The World in U.S. Courts: Fall 2015 - Securities Law
Mark Lay was convicted in 2008 of securities fraud for violating the Investment Advisors Act of 1940, among other laws, in connection with investments in a Bermuda hedge fund on behalf of an agency of the State of Ohio. Two years, later, in the Morrison case, the U.S. Supreme Court set out a new and more limited rule for determining whether U.S. federal statutes should be given extraterritorial effect, imposing a presumption against extraterritorial application where a statute does not clearly provide for such a scope of operation. Morrison dealt with Section 10(b) of the Securities Exchange Act of 1934—the general antifraud provision for transactions in securities. In that context, the Supreme Court held that Section 10(b) could only support claims by non-U.S. plaintiffs where the security was listed on an American stock exchange or the purchase or sale took place in the United States. Here, Lay sought to have that rule applied to the Investment Advisors Act, with the result that his service to a Bermudan investment fund would be outside the reach of the law.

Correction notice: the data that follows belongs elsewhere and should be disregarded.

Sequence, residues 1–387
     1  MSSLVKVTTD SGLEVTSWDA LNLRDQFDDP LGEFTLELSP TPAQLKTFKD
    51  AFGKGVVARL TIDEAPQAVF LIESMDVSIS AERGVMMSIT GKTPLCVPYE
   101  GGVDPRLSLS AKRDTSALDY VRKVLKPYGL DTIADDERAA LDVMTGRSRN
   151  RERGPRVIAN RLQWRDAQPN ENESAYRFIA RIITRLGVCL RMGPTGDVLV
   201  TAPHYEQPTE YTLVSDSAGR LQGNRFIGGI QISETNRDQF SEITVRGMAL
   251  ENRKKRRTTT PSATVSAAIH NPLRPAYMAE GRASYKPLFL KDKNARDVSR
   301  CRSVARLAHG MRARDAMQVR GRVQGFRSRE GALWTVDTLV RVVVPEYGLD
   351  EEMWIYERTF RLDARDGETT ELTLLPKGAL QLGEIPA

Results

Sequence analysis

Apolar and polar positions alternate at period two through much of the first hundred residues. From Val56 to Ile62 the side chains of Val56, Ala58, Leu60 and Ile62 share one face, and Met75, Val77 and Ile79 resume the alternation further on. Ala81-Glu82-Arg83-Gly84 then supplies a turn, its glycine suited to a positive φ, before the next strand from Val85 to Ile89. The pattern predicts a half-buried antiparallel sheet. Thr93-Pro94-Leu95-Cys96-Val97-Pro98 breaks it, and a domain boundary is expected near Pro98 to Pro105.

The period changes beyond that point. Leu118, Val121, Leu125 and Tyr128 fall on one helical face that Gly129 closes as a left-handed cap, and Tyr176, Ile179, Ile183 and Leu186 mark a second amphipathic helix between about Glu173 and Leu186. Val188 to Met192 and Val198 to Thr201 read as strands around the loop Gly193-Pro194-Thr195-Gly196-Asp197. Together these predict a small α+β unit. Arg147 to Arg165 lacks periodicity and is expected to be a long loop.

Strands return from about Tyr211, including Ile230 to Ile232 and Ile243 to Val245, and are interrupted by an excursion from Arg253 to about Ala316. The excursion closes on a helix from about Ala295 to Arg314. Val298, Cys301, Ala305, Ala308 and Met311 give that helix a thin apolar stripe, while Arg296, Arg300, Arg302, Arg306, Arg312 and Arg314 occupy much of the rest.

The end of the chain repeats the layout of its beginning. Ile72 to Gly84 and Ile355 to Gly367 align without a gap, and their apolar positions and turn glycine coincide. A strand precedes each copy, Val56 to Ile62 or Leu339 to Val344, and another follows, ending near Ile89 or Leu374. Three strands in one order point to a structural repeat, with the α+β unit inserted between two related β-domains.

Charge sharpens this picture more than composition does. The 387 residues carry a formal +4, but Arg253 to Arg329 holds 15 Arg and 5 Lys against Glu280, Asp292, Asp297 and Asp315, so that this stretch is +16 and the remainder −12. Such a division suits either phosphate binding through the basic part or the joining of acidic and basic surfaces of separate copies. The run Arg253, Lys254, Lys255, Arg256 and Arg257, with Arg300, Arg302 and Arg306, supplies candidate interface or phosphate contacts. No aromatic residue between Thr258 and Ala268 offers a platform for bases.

The Court of Appeals disagreed. It first concluded that Morrison's focus on U.S. transactions should not be applied to the Investment Advisors Act because the focus of the latter statute is the advisor's conduct, not on subsequent transactions. Focusing on that relationship, it then found sufficient U.S. connections so as to avoid any problems of extraterritorial application of the law. Specifically, the Court of Appeals noted that Lay owed a fiduciary duty to the plaintiff agency of the state of Ohio, that Lay's adviser agreement related to a U.S.-based fund, and that all of the activities that were the subject of the prosecution were undertaken pursuant to a single investment relationship between Law and the agency both the domestic fund and the Bermuda fund.